Brainerd mother ordered to pay $1.5 million for music downloads

A Brainerd mother of four reacted sardonically to a federal jury's decision Wednesday on how much she owes the Recording Industry Association of America for copyright infringement damages.

A Brainerd mother of four reacted sardonically to a federal jury's decision Wednesday on how much she owes the Recording Industry Association of America for copyright infringement damages.

"They shaved off $420,000," Jammie Thomas-Rasset said. "Yea."

The Minneapolis jury determined Thomas-Rasset was responsible for $1.5 million in damages for distributing 24 songs on the KaZaA peer-to-peer file sharing network. She could have been liable for nearly $2 million.

In a June 2009 trial in Minneapolis, a jury found that Thomas-Rasset was liable for $1.92 million in damages to the recording industry, but U.S. District Judge Michael Davis reduced that award to $54,000. The court gave the recording industry the option of accepting the reduced damages or scheduling the third trial in the case solely on the issue of damages. That third trial was held this week.

In the nation's first music downloading case to go to trial -- held in Duluth in 2007 -- jurors found Thomas-Rasset liable for $222,000 in damages to record companies. But Davis ruled that he had given jurors an erroneous instruction of law and granted Thomas-Rasset's motion for a new trial.


It had already been proven in the first two trials that Thomas-Rasset willfully infringed the plaintiff's copyrights. Jurors in this trial only had to decide the appropriate statutory damages for willful infringement ranging between $750 per work to a maximum of $150,000 per work.

After hearing two days of testimony, jurors needed only about two hours to decide that Thomas-Rasset should pay $62,500 for each of the 24 songs she illegally distributed.

Testimony at earlier trials indicated that more than 1,700 songs were found on Thomas-Rasset's shared folder, which she was actively distributing to more than 2 million people on the peer-to-peer network KaZaA, but the music companies chose to only sue on 24 of those songs.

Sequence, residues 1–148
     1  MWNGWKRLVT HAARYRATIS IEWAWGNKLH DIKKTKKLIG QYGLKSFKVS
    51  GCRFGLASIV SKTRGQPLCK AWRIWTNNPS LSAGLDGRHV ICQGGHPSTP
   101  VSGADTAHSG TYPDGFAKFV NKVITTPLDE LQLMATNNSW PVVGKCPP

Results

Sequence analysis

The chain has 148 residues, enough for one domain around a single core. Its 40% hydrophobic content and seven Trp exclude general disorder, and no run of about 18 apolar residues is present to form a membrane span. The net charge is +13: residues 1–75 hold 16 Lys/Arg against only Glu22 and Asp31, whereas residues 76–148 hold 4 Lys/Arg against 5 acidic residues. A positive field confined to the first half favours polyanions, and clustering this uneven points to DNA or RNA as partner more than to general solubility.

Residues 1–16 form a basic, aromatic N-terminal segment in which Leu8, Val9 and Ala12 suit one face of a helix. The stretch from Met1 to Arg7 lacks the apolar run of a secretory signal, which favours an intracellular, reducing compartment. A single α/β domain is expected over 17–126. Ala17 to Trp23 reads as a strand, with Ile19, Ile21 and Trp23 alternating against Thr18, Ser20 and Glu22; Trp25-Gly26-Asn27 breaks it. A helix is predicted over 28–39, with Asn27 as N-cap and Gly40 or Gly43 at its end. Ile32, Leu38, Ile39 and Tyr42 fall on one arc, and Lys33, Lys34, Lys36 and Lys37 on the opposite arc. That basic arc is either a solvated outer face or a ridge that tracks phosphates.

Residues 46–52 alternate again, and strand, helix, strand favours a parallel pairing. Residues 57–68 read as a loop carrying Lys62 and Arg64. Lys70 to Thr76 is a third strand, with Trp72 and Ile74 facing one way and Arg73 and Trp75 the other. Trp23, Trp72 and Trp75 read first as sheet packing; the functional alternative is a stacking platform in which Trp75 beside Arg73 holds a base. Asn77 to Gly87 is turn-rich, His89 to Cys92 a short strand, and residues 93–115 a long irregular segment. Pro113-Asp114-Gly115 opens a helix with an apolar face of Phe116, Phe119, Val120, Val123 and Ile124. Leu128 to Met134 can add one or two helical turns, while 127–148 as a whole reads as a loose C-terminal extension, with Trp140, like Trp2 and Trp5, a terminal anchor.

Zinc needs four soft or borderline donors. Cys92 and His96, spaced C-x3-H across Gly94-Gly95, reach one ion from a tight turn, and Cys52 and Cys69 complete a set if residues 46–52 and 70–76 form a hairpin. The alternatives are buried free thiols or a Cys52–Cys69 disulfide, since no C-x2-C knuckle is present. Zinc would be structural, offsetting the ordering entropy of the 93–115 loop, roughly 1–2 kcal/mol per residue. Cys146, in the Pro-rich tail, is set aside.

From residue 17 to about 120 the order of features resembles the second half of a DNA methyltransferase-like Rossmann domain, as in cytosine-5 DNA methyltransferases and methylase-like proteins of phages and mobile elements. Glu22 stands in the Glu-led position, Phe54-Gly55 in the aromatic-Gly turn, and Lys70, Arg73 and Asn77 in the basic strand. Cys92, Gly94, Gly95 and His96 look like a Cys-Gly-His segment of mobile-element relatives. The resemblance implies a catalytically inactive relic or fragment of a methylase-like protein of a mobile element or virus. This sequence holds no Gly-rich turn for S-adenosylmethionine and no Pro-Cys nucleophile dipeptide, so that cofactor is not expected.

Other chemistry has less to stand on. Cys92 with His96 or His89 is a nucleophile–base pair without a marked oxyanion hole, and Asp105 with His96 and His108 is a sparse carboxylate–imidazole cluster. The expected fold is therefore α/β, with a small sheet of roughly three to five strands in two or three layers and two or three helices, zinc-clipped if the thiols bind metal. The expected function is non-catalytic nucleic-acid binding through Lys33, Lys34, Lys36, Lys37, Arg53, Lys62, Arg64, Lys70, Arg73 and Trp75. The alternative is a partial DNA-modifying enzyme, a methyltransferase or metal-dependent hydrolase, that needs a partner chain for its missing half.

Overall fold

"We are again thankful to the jury for its service in this matter and that they recognized the severity of the defendant's misconduct," said Cara Duckworth, vice president of communications for the Washington, D.C.-based Recording Industry Association of America. "Now with three jury decisions behind us along with a clear affirmation of Ms. Thomas-Rasset's willful liability, it is our hope that she finally accepts responsibility for her actions."

But Thomas-Rasset said she will appeal with the help of her Houston, Texas, team of attorneys, Kiwi Camara and Joe Sibley.

"The very first thing Kiwi said as we were leaving the courtroom is that we're going to appeal on constitutional grounds," Thomas-Rasset said.

Camara has argued that even the minimum award of statutory damages permitted under the Copyright Act "so far exceeds the demonstrable harm to the plaintiffs than an award of that amount would be unconstitutional."

Thomas-Rasset's case is one of two in the country to have gone to trial out of the more than 30,000 lawsuits brought by the recording industry.


"It's a very unjust law that they're extorting to try to get a payday so they can try to stop file sharing, and it's not working," Thomas-Rasset said. "The one thing we noticed throughout the trial is that it isn't just about me but all of the file sharing going on. But I'm the one being held accountable."

Thomas-Rasset has four sons aged 2 to 16. She took this week off work from her position as a coordinator in the Department of Natural Resources and Environment for the Mille Lacs Band of Ojibwe Indians.

What did she really think about having the damages reduced by $420,000?

"One of my attorneys said that's a nice house and a nice car," she said. "I know it sounds bad, but I can't help but laugh.

"I'm sorry, this is 'Ground Hog Day' and the movie keeps repeating itself. It's a shocking, monstrous verdict once again."

The Duluth News Tribune is a Forum Communications Co. owned newspaper.

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